ITT has more than 40,000 students who remain eligible for federal aid. Should ITT close, the Education Department has suggested it will forgive the federal loans of existing students.
ITT has been ordered to pay $152 million to the federal department within 30 days to cover student refunds and other liabilities in case the company closes. The chain, based in Indiana, is still paying another $44 million demanded by the department in June for the same reason.
The education department also has prohibited ITT from awarding its executives any pay raises or bonuses, and it must develop “teach-out” plans that would help current students finish their programs at other colleges if the chain shuts down.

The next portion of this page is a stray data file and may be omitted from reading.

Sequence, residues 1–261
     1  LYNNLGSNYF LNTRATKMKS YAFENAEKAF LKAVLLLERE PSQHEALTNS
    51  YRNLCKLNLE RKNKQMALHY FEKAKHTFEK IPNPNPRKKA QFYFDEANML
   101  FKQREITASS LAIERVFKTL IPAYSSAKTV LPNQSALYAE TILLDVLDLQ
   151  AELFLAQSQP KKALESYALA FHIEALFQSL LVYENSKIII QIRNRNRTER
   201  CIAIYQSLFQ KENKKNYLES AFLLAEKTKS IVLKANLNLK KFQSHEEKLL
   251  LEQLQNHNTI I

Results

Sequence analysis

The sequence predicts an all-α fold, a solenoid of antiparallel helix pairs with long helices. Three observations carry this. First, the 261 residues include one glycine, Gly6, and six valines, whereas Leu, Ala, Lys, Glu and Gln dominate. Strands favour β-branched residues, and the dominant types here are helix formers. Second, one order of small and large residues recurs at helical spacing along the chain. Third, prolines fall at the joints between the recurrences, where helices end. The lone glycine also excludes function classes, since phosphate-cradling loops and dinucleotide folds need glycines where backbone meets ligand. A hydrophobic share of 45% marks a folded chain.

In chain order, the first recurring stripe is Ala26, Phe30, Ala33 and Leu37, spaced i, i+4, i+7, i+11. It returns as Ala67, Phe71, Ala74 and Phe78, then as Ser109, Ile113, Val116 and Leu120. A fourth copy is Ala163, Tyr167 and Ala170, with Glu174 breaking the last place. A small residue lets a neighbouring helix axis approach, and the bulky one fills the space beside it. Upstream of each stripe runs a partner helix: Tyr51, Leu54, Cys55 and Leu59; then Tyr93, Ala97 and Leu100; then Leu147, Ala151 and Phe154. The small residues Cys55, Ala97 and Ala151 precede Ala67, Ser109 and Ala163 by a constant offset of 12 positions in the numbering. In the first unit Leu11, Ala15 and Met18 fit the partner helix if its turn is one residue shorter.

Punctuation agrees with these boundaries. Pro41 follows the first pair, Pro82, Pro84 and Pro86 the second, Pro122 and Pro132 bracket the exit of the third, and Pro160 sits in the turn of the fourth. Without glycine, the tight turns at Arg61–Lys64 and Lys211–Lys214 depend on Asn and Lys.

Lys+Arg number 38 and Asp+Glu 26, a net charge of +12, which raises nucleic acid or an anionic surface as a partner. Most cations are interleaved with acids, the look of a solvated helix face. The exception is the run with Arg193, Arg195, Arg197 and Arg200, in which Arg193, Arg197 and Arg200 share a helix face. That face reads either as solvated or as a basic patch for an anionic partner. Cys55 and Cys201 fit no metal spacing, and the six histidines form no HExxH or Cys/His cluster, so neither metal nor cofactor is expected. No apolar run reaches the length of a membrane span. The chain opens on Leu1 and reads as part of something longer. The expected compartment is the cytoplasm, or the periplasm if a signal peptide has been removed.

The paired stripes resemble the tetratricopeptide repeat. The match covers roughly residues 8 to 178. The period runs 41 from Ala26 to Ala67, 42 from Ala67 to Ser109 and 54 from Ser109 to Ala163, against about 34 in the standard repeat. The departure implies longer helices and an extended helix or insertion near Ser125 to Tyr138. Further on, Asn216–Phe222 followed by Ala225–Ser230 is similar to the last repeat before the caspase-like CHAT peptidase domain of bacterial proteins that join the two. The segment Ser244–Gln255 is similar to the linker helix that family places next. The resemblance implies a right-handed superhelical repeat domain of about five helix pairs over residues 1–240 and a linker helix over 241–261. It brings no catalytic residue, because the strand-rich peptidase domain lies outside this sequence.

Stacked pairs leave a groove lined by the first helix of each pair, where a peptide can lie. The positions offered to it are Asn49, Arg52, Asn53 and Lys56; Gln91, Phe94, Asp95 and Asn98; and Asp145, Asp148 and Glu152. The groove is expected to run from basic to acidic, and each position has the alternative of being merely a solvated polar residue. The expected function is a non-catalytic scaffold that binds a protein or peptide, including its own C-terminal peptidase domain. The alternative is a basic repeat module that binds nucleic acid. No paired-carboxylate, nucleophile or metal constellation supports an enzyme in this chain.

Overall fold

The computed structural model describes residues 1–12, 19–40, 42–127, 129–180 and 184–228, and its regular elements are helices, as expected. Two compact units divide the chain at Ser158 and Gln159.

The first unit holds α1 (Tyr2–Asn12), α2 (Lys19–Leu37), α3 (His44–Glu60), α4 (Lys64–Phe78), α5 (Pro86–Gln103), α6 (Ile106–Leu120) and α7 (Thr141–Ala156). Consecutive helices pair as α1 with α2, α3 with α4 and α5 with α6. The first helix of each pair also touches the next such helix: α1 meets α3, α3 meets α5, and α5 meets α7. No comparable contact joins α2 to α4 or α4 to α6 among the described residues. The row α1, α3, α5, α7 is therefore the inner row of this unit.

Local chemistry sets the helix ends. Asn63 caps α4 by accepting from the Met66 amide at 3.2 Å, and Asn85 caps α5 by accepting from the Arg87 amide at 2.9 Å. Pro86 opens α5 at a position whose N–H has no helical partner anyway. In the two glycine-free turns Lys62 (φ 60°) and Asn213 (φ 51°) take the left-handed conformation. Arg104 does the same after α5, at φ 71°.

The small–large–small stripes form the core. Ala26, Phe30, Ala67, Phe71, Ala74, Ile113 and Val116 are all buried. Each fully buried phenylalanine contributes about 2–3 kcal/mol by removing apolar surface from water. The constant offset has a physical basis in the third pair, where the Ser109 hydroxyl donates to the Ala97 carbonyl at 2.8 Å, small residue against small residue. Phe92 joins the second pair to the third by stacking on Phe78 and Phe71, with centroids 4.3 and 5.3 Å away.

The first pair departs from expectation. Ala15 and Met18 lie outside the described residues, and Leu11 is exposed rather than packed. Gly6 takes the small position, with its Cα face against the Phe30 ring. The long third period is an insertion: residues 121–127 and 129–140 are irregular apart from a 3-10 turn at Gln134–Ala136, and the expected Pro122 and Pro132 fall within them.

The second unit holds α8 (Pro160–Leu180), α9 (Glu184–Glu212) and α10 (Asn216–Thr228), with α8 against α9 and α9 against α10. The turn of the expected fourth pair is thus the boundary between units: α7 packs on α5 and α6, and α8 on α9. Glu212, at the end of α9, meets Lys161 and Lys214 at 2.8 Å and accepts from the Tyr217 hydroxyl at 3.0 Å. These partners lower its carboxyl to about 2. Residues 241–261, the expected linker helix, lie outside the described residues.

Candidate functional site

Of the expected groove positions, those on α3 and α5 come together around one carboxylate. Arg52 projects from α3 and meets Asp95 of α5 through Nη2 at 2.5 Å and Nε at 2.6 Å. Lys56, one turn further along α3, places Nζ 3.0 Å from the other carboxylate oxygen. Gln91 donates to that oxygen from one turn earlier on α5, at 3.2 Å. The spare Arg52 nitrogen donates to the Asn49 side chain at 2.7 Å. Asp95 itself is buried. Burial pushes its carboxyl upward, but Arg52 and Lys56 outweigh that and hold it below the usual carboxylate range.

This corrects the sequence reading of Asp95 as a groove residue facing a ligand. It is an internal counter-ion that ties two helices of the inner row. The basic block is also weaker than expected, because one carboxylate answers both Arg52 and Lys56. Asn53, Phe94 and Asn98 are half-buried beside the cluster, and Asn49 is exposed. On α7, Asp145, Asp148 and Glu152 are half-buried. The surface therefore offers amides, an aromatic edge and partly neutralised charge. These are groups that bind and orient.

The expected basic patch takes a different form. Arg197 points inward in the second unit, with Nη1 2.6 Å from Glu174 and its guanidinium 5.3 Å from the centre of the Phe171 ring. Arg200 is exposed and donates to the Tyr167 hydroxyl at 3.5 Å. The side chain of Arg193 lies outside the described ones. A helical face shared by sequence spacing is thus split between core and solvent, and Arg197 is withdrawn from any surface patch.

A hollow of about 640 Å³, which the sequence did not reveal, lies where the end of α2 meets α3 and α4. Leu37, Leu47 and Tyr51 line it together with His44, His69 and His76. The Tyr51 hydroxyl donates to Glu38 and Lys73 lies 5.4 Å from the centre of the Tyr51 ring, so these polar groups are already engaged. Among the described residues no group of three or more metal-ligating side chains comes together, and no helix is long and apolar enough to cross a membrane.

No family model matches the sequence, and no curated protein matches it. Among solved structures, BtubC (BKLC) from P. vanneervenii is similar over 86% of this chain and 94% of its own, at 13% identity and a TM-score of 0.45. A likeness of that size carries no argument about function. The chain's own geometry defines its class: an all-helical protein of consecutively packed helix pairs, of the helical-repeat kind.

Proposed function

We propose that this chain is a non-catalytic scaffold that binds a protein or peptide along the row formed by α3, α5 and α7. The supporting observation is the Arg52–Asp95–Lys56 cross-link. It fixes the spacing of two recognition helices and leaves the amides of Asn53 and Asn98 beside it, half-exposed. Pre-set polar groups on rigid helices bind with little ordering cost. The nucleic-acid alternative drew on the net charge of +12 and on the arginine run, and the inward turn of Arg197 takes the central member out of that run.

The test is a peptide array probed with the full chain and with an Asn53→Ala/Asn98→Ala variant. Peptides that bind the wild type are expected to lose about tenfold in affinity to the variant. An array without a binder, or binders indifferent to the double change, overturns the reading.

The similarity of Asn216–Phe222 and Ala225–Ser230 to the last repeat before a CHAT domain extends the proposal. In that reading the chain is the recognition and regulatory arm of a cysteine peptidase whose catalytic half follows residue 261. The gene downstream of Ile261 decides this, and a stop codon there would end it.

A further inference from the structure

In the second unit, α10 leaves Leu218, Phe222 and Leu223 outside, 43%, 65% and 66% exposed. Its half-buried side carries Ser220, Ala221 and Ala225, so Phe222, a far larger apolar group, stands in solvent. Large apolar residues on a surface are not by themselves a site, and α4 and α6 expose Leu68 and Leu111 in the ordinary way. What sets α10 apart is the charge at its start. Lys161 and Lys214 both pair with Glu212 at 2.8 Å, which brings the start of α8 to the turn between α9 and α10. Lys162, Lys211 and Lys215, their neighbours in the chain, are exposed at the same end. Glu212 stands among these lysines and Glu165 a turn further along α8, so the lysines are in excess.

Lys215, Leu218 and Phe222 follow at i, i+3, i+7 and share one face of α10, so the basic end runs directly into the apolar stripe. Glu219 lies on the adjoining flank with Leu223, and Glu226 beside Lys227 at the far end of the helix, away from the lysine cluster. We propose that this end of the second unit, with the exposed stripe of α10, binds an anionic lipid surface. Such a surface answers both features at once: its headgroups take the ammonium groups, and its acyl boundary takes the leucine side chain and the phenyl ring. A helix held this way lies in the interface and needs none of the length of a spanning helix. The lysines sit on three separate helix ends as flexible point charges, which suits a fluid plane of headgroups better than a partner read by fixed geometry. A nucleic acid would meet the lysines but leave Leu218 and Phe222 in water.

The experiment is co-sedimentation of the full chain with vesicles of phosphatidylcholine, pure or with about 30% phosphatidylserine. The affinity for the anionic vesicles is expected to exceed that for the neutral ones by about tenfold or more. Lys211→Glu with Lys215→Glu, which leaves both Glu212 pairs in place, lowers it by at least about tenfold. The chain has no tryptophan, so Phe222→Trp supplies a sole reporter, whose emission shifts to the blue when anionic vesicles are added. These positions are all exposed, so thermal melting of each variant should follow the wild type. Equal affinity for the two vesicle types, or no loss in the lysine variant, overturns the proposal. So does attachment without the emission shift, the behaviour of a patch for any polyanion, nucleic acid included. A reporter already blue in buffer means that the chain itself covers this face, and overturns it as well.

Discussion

Under the new measures, current students can continue receiving federal grants and loans.
Education Secretary John King said the government is taking action to protect students and taxpayers following “troubling” findings about the company. This month, a group that accredits ITT found that the chain failed to meet several basic standards and was unlikely to comply in the future.
“It simply would not be responsible or in the best interest of students to allow ITT to continue enrolling new students who rely on federal financial aid,” King said during a telephone conference with reporters.
The Associated Press contributed to this story.